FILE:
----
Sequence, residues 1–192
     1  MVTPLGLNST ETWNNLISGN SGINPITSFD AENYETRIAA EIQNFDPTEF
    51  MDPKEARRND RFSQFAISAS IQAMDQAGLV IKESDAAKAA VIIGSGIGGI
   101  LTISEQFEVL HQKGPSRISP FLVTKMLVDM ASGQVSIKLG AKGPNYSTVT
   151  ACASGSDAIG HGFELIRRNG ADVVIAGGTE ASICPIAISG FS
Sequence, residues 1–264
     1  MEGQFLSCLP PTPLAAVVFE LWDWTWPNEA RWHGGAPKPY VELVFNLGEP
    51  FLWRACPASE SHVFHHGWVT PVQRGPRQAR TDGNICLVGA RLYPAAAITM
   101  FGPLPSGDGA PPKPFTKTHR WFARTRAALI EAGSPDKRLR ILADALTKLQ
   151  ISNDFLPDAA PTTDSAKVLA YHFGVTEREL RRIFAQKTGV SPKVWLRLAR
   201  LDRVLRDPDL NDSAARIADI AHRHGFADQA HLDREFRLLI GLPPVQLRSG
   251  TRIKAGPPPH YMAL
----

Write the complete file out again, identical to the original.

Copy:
Sequence, residues 1–192
     1  MVTPLGLNST ETWNNLISGN SGINPITSFD AENYETRIAA EIQNFDPTEF
    51  MDPKEARRND RFSQFAISAS IQAMDQAGLV IKESDAAKAA VIIGSGIGGI
   101  LTISEQFEVL HQKGPSRISP FLVTKMLVDM ASGQVSIKLG AKGPNYSTVT
   151  ACASGSDAIG HGFELIRRNG ADVVIAGGTE ASICPIAISG FS
Sequence, residues 1–264
     1  MEGQFLSCLP PTPLAAVVFE LWDWTWPNEA RWHGGAPKPY VELVFNLGEP
    51  FLWRACPASE SHVFHHGWVT PVQRGPRQAR TDGNICLVGA RLYPAAAITM
   101  FGPLPSGDGA PPKPFTKTHR WFARTRAALI EAGSPDKRLR ILADALTKLQ
   151  ISNDFLPDAA PTTDSAKVLA YHFGVTEREL RRIFAQKTGV SPKVWLRLAR
   201  LDRVLRDPDL NDSAARIADI AHRHGFADQA HLDREFRLLI GLPPVQLRSG
   251  TRIKAGPPPH YMAL